President Barack Obama revealed “one of the few regrets” of his time in office in his final State of the Union speech.
Speaking in front of a joint session of Congress on Tuesday, Obama said he regrets that the “rancor and suspicion” between Democrats and Republicans has gotten worse during his time in the White House, noting he’d try to use his remaining time in office to bring the two parties closer together.
Below, an excerpt on his regrets from Obama’s remarks as prepared for delivery, which you can read in full here:
A better politics doesn’t mean we have to agree on everything. This is a big country, with different regions and attitudes and interests. That’s one of our strengths, too. Our Founders distributed power between states and branches of government, and expected us to argue, just as they did, over the size and shape of government, over commerce and foreign relations, over the meaning of liberty and the imperatives of security.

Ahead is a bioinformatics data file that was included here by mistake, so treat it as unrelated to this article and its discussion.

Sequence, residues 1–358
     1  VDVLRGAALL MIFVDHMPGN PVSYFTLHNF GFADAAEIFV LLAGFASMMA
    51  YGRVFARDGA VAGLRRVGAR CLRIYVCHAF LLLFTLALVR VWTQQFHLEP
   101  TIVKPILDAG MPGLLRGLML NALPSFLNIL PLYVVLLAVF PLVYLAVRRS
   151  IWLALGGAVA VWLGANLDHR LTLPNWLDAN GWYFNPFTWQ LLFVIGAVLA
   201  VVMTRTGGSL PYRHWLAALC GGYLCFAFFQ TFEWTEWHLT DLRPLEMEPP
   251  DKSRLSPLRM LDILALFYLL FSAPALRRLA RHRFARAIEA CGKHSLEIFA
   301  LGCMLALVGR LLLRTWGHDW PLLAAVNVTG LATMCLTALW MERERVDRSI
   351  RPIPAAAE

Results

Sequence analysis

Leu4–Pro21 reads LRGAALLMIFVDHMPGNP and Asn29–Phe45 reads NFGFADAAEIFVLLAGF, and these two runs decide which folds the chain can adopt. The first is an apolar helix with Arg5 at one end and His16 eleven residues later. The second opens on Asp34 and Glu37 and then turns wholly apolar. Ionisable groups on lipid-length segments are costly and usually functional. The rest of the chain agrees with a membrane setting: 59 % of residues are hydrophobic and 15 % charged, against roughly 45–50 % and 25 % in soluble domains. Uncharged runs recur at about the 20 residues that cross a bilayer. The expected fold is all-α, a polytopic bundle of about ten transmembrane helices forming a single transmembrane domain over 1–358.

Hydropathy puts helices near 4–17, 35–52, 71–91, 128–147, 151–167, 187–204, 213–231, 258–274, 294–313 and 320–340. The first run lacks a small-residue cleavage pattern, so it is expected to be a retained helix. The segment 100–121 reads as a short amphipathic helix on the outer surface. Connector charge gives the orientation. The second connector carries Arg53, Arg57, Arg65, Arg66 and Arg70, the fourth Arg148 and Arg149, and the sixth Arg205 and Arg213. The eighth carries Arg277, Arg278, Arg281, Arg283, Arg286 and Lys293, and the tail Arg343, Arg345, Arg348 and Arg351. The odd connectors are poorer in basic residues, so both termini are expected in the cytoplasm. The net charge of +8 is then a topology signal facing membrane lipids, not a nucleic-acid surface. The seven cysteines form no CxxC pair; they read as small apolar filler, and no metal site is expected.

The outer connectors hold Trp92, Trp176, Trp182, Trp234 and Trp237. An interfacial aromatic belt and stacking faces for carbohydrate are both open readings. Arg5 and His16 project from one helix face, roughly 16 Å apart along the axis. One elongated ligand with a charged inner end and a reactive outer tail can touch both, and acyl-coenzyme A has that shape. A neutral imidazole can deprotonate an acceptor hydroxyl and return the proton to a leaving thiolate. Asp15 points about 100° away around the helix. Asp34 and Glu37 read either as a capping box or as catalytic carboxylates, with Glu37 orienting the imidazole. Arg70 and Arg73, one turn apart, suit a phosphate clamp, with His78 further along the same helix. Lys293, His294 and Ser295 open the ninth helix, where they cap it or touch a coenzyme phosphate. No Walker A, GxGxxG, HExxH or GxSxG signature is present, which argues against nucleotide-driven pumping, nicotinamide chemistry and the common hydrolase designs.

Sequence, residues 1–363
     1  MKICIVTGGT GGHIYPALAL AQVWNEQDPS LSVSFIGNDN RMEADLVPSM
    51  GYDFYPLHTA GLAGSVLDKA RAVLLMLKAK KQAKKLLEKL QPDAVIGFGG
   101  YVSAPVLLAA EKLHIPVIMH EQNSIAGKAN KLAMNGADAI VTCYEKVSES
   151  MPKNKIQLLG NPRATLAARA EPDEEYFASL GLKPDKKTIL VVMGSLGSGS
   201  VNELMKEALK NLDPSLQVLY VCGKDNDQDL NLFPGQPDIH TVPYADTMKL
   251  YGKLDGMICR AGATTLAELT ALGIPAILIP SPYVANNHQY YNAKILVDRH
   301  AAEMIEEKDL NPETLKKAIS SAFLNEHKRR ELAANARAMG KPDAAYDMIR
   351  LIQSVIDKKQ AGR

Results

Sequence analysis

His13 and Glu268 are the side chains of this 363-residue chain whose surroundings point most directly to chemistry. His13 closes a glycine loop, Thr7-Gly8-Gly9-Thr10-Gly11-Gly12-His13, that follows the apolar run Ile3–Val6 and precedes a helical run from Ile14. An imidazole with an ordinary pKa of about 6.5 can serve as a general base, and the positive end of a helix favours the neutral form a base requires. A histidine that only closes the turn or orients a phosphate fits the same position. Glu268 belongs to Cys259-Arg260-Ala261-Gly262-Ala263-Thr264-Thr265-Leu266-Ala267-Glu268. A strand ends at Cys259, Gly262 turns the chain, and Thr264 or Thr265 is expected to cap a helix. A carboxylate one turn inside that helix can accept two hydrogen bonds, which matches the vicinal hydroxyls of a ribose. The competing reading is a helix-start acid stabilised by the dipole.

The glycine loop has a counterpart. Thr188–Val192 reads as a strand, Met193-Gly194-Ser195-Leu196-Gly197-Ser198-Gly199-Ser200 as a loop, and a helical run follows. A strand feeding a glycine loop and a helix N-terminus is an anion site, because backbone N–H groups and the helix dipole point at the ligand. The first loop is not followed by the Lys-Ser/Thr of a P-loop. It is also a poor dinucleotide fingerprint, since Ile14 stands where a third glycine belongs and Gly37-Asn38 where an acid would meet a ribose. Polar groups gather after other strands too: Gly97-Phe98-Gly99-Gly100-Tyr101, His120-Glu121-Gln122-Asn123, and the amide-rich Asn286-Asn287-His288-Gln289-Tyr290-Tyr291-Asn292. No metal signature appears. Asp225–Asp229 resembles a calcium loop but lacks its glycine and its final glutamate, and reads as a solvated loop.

But democracy does require basic bonds of trust between its citizens. It doesn’t work if we think the people who disagree with us are all motivated by malice, or that our political opponents are unpatriotic. Democracy grinds to a halt without a willingness to compromise; or when even basic facts are contested, and we listen only to those who agree with us. Our public life withers when only the most extreme voices get attention. Most of all, democracy breaks down when the average person feels their voice doesn’t matter; that the system is rigged in favor of the rich or the powerful or some narrow interest.
Too many Americans feel that way right now. It’s one of the few regrets of my presidency—that the rancor and suspicion between the parties has gotten worse instead of better. There’s no doubt a president with the gifts of Lincoln or Roosevelt might have better bridged the divide, and I guarantee I’ll keep trying to be better so long as I hold this office.
Read the full text of Obama’s last State of the Union address here.
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